Suppose you can slot 100 points into one long sprint and shorter ones can only do 10. If 10% of the points always get changes, these 10% will also occur across 10 sprints. The only thing get hidden is because there is a shorter sprint and ends earlier, so those intended changes get overflow into the new sprint as new tasks. It's not really solving problem, just hiding them behind the process. The main culprit of these issues are agreement to the methodologies. Basically the customer do not want to follow the agreement and they feel if there is need arise that main sense to bend the rules, they will bend it. Hence I don't see how a shorter sprint will make it any better. This form of degradation to the methodology can only be made by making the customer understand that such interruptions can only bring harm to the progress of the project. They wouldn't care if it will harm the vendor assets. Unfortunately this is the realism we need to face.

This is where the experience of the PM comes in especially helpful. His job, along with the SCRUM masters, are to shelter such from trickling down. After all, we would expect the SCRUM masters and the PM to be more experience and taking up the responsibility to shelter the software developers from such political pressure. In the ideal world, all personnel skill sets complements and are competently (more or less) equal, but the real world is not. That is where consultants, PM, SCRUM masters stand the line.

I am not sure sure how story points, like man-days have any purpose in negotiation except for trading of system features during development. They are mainly for accounting purpose but not just from a financial perspective. Its a way of tracking how much effort is being spent on a piece of work and allows us to evaluate which pieces of work are starting to slide. Identification is a start, further analysis needs to be done to find out why the schedules are not being met.
You are right and that is where I'm explaining, story points are created from thin air to give the stakeholders a rough guide in terms of complexity of the tasks on hand. In this way, within the same sprint, one developer will not be task to do 10 complicated job as oppose to another doing 10 simple tasks. If you are a software developer, which I assume you are, you should know there is no perfect software engineering. Something deem as 10 points in the past, if you would to do it again in a different time, it might not be the same 10 points because your assessment changes based on the new information you are given or you are no longer the same developer compared to 10 months ago. The architecture of the system have grown across the months and from component to component, the added complexities, the fact you are more knowledgeable about the system and now you are able to give better estimate. All these changes your perception and also the perception of other developers, so the story points assigned are different. The point I keep on stress on is, I shall repeat again, STORY POINTS ARE VAGUE CONCEPTS CREATED TO ACCOUNTING PURPOSES. Don't use them for anything more, because they are volatile. Because they are volatile, they will backfire against you when you attempt to use them to constraint your customer expectations in how to *NOT* overly push workload down your throat. I hope you get this message loud and clear.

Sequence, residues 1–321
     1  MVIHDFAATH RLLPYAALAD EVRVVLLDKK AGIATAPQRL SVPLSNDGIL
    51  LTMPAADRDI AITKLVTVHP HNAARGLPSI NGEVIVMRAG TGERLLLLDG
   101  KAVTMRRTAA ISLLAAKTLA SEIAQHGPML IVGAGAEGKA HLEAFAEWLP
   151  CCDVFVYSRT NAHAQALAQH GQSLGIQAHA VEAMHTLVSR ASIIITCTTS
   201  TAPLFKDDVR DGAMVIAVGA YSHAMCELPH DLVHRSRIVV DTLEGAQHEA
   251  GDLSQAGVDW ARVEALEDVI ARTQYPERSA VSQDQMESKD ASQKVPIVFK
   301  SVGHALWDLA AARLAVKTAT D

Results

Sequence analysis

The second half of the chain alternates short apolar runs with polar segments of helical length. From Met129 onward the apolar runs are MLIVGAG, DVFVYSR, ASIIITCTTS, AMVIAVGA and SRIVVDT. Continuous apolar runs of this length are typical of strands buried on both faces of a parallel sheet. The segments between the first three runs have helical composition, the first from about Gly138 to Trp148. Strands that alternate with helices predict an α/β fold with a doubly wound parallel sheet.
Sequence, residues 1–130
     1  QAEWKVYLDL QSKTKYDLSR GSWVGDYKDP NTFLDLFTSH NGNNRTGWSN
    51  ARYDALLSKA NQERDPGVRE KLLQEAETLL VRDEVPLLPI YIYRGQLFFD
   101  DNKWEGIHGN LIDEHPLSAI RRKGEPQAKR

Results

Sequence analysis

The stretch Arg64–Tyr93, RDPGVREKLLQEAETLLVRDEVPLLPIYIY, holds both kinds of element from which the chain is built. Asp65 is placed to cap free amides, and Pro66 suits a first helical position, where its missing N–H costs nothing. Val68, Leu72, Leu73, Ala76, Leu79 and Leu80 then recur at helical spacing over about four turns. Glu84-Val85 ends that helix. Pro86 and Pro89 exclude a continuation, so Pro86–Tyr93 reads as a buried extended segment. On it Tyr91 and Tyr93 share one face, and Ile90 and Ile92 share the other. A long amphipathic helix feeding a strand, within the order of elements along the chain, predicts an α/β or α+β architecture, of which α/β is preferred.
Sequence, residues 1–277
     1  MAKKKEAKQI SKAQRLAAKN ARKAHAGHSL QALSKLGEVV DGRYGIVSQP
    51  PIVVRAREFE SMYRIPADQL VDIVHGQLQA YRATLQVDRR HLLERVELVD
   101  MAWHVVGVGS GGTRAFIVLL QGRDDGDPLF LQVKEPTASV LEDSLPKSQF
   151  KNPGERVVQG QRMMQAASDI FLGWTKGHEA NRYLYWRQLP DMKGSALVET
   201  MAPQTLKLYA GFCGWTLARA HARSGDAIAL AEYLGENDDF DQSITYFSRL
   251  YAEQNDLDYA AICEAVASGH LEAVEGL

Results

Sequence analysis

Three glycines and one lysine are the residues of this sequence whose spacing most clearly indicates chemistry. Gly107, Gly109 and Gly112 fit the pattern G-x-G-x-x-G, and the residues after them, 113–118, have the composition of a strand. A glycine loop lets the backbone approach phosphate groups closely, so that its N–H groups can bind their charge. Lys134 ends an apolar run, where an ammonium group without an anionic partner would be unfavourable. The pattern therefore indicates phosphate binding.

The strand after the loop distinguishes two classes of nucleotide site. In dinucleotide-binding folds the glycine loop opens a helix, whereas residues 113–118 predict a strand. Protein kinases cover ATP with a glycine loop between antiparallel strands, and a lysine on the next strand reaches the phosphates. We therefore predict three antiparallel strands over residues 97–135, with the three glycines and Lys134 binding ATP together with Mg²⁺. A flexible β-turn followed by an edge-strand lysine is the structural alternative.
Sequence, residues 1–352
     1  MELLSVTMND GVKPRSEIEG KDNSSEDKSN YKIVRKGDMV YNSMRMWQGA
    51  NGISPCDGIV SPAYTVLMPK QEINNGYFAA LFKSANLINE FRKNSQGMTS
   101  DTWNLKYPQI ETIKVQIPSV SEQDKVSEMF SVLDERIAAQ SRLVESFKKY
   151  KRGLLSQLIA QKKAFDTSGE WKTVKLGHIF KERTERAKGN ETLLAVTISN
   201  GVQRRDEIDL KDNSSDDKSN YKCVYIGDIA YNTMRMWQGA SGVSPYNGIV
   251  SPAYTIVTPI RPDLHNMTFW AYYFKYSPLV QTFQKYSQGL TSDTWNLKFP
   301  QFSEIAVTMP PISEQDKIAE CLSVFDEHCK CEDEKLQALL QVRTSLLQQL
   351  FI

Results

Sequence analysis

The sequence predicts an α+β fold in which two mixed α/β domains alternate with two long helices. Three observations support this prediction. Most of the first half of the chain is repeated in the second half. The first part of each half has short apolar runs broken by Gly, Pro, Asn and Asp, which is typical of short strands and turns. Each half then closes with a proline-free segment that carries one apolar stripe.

My projects haven't had the need to be inspected by a techincal steering committee yet, but yes I wouldn't want to go through that.

Its hard for fixed costs projects to be agile since users will always find it hard to make trade offs. But the vendor should not feel like they are getting a raw deal. If one can in good faith and expert judgment justify why a feature is X story points, and the customer disputes it, then either the vendor can choose to reduce it against his own judgement or stand by his opinion and let a third party arbitrate. If this was to occur there will never be a win-win anyway, just a matter of how much loss each party is prepared to accept.